Before Michael Lynton became a board member and the eventual chairman of Snapchat parent company Snap Inc., his kids were addicted to the messaging app.
“My kids were on it early,” Lynton said at the Lerer Hippeau Ventures CEO Summit on Tuesday in New York. “My wife saw them going on it. She loved it because she thought it brought conversation back to the internet.”
“Her concern about the internet was that because there’s a permanence there, people don’t converse there the way they do in a room,” he said. “And she felt that Snap was doing that, based on what she saw the kids doing with it.”
Her interest led Lynton’s wife to reach out to Snapchat cofounder Evan Spiegel through the app’s customer support email address.
“She wrote, ‘Hey, I think what you’re doing is fantastic,'” Lynton recalled. “If you ever want to come over, I’d love to talk to you about it.”
Spiegel showed up at their Los Angeles home about “an hour later,” according to Lynton, and asked if they’d be willing to invest some money to keep Snapchat afloat, which they did. Spiegel would go on to raise hundreds of millions of dollars in venture capital funding and take the company public about five years later.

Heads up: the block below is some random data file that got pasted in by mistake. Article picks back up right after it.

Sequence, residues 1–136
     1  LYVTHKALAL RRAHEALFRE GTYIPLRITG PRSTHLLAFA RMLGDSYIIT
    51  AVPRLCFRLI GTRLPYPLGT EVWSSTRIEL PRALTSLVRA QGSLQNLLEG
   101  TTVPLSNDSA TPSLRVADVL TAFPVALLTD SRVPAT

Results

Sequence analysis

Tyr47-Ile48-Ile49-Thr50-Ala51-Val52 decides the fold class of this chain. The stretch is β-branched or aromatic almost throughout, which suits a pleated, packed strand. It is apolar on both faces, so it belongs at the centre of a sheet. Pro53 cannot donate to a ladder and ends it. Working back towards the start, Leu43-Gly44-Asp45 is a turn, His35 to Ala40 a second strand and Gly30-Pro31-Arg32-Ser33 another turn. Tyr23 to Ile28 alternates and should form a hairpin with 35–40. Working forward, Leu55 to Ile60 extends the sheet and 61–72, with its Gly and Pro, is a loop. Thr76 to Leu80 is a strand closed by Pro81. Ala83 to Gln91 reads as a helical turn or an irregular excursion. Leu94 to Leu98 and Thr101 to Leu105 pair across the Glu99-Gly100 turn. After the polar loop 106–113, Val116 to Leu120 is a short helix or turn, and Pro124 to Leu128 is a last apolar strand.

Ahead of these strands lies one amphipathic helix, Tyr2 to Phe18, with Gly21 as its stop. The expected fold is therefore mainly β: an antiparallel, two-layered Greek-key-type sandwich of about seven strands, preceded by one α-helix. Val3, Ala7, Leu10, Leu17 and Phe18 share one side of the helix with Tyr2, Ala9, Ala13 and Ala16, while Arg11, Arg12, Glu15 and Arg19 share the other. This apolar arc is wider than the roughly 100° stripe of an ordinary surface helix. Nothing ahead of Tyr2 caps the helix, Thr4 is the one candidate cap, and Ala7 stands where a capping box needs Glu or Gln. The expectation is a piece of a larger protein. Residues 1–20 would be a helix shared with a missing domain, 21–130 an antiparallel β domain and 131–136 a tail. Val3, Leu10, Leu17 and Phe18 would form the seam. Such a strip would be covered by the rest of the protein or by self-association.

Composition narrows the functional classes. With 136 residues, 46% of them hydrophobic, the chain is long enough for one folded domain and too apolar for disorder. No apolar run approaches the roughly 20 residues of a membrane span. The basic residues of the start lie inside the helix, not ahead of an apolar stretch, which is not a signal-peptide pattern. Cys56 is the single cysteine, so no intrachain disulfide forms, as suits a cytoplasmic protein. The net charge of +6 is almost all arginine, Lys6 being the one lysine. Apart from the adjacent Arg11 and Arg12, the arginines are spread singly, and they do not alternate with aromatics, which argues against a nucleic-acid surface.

Lynton, who was previously CEO of Sony Entertainment before he resigned in January to join Snap full-time, said that he and Spiegel began their friendship by taking long walks between Snapchat’s headquarters in Venice Beach, California and Sony’s offices in Culver City.
“Evan, in my mind, is just an extraordinary individual,” he said. “And you could see from the get-go that he wanted to be the CEO of a very successful company and he was determined to make sure that company was public.”
Snap recently missed Wall Street’s expectations for its first quarterly earnings, and investors are concerned about heated competition from Facebook. But Lynton shrugged off the concerns on Tuesday.
“This is going to be a long journey, and there’s doing to be a lot of developments,” he said. “I would say we’re in chapter one of maybe a hundred-chapter book.”